A history center that focuses on telling stories about the impact of the Civil War and Reconstruction on North Carolina could be on shaky ground if Fayetteville and Cumberland County decide not to support the project, said the head of a board overseeing plans for the center.
Mac Healy, chairman of the board of the NC Civil War & Reconstruction History Center, spoke to the city council about the project during its business meeting Tuesday. The meeting was streamed on the city’s YouTube channel.
The council does not take binding votes during working sessions, but decided not to put the issue on the agenda for Monday’s regular council meeting. A request for consensus on whether to put it on the agenda failed when the vote was 5-5.
Councilor Brenda McNair, who was one of five votes against putting the issue on the agenda, said in a text message statement Wednesday that she intended to vote in support of the center. She said she plans to contact the city attorney and city manager on Thursday to find out how to have the article reconsidered.
“I regret any confusion this causes, but I want my support clearly stated,” McNair said.
Mayor Mitch Colvin said in a text message that it appears it will take a three-quarters vote of council members to reintroduce the issue.
“So we won’t know for sure if it will happen on Monday,” he said.
A three-quarters vote would require eight supporters because there are nine council members and Colvin also has one vote.
At Tuesday’s meeting, Councilman Derrick Thompson asked Healy what would happen to a $60 million state appropriation if the city and county did not support the project financially.
Healy said the state General Assembly should decide whether to continue providing the funding. He said he spoke to state lawmakers about the issue.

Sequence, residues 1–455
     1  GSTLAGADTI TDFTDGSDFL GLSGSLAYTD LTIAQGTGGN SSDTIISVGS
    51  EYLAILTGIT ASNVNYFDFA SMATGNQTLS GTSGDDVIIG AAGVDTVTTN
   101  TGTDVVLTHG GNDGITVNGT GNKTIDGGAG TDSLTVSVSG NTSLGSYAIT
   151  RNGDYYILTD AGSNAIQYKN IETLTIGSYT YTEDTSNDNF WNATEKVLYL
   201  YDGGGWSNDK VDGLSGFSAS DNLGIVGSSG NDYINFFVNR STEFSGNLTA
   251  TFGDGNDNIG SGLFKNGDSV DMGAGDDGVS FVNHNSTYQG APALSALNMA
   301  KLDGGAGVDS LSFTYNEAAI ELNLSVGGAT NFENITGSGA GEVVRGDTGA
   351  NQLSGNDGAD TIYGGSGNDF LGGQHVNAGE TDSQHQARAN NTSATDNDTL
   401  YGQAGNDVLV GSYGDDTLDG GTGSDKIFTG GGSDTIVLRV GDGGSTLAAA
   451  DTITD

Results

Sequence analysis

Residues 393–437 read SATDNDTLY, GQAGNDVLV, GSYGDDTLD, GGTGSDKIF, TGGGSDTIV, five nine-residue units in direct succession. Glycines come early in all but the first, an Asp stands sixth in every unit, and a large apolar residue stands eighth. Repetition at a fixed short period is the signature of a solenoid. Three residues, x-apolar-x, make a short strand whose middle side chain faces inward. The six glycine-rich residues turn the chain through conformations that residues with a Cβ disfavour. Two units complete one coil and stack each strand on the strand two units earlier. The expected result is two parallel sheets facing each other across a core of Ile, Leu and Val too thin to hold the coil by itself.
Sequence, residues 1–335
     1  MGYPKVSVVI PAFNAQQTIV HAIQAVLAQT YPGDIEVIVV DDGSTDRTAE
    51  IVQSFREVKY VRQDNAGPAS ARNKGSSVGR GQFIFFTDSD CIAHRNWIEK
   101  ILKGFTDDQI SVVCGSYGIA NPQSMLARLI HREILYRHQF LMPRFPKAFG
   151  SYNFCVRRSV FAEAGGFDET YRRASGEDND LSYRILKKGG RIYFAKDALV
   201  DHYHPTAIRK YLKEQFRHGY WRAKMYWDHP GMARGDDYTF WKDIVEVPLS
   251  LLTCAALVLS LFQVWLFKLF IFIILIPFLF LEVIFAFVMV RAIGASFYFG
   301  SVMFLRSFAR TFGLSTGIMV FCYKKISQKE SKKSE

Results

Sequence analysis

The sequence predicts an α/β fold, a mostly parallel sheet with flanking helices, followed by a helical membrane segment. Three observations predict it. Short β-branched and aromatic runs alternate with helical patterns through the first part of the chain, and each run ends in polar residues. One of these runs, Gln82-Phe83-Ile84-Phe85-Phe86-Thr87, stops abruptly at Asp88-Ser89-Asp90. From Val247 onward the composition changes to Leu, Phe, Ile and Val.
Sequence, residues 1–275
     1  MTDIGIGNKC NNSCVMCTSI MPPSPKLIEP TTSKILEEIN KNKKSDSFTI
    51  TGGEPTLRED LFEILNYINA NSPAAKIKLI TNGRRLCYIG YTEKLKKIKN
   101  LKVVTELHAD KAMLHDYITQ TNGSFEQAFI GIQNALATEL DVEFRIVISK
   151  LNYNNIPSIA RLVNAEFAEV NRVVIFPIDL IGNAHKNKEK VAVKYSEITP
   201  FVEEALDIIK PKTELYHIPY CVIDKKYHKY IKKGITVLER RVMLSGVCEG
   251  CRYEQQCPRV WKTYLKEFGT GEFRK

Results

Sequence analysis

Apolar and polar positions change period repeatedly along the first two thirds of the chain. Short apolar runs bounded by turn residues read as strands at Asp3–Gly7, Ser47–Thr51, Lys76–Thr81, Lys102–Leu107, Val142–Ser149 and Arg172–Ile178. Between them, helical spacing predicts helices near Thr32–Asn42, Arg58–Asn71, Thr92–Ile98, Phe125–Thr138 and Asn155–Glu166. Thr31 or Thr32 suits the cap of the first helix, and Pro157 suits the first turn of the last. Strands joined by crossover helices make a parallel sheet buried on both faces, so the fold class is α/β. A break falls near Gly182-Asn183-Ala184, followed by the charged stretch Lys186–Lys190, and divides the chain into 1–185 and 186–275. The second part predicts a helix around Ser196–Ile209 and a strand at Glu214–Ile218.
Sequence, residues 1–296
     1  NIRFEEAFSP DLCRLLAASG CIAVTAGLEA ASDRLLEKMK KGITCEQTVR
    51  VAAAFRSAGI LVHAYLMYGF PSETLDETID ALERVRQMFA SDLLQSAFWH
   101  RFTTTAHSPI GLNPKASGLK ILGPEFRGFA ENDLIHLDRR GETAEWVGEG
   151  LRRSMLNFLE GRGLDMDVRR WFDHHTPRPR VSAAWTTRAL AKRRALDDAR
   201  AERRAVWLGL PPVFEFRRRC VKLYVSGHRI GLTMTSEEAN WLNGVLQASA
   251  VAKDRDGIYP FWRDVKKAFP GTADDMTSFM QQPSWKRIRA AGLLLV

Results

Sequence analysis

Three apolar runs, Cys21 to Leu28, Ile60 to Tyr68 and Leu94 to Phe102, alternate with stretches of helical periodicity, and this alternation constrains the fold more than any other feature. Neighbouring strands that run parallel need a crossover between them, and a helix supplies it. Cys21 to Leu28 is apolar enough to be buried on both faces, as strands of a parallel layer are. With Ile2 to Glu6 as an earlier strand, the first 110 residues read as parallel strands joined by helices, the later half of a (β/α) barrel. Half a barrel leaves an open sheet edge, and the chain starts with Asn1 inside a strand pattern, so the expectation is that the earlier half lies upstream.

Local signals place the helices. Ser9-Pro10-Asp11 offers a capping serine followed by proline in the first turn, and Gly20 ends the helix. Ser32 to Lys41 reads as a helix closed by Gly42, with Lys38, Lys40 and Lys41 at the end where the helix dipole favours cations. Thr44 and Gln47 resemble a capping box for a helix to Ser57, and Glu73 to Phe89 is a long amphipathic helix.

“I can only tell you what they told me,” he said. “They took the good faith of the city and the county and…that’s what made them the $60 million. They said they would be very upset if we backed out of our word.
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The County Council and Board of Commissioners each voted several years ago to provide $7.5 million to the center, subject to state funding. Both supporting resolutions expired before the General Assembly decided to provide funding.
Healy answered another question from Thompson about whether the project would lose state funding.
“I think the project would lose $60 million,” Healy said.
Discussion at Tuesday’s council meeting centered on whether to provide $6.5 million to the project because the city contributed ownership of the project.
County commissioners are expected to discuss the center during their agenda session on Thursday. They don’t make formal decisions during sessions, but commissioners could then indicate whether they support funding for the center with a vote scheduled for a regular September 19 meeting.
In a phone interview Wednesday, Healy said that if the city and county don’t support the center, the state may decide to withdraw its funding plans for the project. The state could also decide not to operate the center, he said.
“It’s a very precarious position for the city, the county and the whole community,” he said.
Much of the discussion at Tuesday’s meeting focused on assurances from state officials and center supporters that the installation would feature true stories about the Civil War and Reconstruction.
The $80 million center is expected to focus on education and be part of North Carolina’s state museum system. It would replace the Cape Fear Museum on Arsenal Avenue near downtown Fayetteville.
Healy said a study done about 10 years ago estimated the center would have an annual economic impact of $18 million to $20 million.
Three Civil War-era homes that make up the center’s Historic Village have been completed, but a 60,000-square-foot facility is set to be the center’s centerpiece.
Editor Steve DeVane can be reached at [email protected]